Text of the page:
Seminar

Black carbon aerosols over an urban region: Characteristics, Mixing and Radiative Forcing

Speaker: S. Ramachandran, Physical Research Laboratory, Ahmedabad, India

When: Tuesday, August 21, 2012, 10:00 a.m. Mountain Time
Location: Room 2A305, DSRC (NOAA Building), 325 Broadway, Boulder
Directions: Refer to More Information under our Seminar Schedule

ALL Seminar attendees agree not to cite, quote, copy, or distribute material presented without the explicit written consent of the seminar presenter. Any opinions expressed in this seminar are those of the speaker alone and do not necessarily reflect the opinions of NOAA or ESRL CSD.

Abstract:

Black carbon (BC), among the carbonaceous aerosols, is gaining considerable significance because of its ability to influence air quality and climate on local, regional and global scales. Black carbon aerosols are produced as primary particles from incomplete combustion processes such as fossil fuel and biomass burning, and hence most of the BC in the atmosphere originates from man-made activities. The radiative and climate impacts of BC are increasingly recognized as BC can absorb sunlight, heat the air and contribute to global warming, unlike the other aerosol types (e.g., sulfate) which produce cooling. Both absorbing (BC) and scattering (sulfate) aerosols cool the surface by reducing the incoming solar radiation and cause solar dimming. In the atmosphere aerosols exist in different mixing states. Mixing of aerosols can change the size distribution of aerosols, their life cycle and radiative effects. The diversity of aerosols present over a location due to local sources and long range transport can give rise to a complex aerosol mixture. Assumptions on the state of aerosol mixing and its effect on optical properties give rise to uncertainties in modeling of direct as well as indirect climate forcing of aerosols.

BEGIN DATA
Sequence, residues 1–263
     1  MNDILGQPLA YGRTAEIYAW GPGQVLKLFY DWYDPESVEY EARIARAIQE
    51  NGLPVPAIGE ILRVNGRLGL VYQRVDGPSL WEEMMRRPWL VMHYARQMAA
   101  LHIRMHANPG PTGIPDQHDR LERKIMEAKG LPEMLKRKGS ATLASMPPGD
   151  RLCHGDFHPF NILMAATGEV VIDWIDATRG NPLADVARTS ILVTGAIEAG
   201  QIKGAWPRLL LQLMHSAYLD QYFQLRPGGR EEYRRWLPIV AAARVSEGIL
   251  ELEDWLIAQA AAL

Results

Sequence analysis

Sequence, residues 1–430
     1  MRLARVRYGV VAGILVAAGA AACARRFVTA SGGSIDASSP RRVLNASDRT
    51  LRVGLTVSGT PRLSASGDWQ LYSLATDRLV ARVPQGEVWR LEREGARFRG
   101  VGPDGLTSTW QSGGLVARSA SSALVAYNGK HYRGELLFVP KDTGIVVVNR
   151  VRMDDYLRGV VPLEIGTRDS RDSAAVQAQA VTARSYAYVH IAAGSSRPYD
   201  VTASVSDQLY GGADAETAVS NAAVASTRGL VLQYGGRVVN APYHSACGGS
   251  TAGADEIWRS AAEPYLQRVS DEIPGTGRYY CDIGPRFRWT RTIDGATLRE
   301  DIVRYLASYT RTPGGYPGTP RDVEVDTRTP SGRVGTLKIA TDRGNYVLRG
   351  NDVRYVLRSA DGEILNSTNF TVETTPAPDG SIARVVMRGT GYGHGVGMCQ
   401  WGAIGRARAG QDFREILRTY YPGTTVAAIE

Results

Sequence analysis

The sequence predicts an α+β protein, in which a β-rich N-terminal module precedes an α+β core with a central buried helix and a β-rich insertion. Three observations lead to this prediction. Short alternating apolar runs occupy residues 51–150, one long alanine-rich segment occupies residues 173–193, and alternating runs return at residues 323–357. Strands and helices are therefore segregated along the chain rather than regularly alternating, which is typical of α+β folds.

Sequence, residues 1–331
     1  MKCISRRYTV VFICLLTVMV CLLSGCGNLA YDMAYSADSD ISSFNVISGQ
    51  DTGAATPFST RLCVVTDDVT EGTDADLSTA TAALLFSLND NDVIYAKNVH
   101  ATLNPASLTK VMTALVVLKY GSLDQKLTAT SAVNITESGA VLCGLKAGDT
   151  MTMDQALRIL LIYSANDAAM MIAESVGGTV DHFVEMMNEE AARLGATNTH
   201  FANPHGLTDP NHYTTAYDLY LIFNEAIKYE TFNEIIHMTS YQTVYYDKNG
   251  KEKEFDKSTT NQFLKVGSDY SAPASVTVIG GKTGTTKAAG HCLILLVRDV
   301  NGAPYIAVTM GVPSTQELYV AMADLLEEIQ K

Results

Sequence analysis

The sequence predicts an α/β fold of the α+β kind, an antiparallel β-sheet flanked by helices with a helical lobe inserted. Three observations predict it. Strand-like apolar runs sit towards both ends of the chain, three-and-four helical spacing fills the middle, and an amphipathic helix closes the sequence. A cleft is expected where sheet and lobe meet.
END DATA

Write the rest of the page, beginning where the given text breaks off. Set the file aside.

This seminar will focus on the monthly/seasonal mean variations in physical and optical characteristics of aerosols over an urban region, and the resultant radiative effects with an emphasis on the black carbon owing to its crucial role in regional and global climate impacts. Results obtained on the probable mixing states of aerosols and their radiative effects over the study location, the climate impact in terms of the heating rates (K/day) for different scenarios of BC mass concentrations and zero BC conditions will be presented and discussed.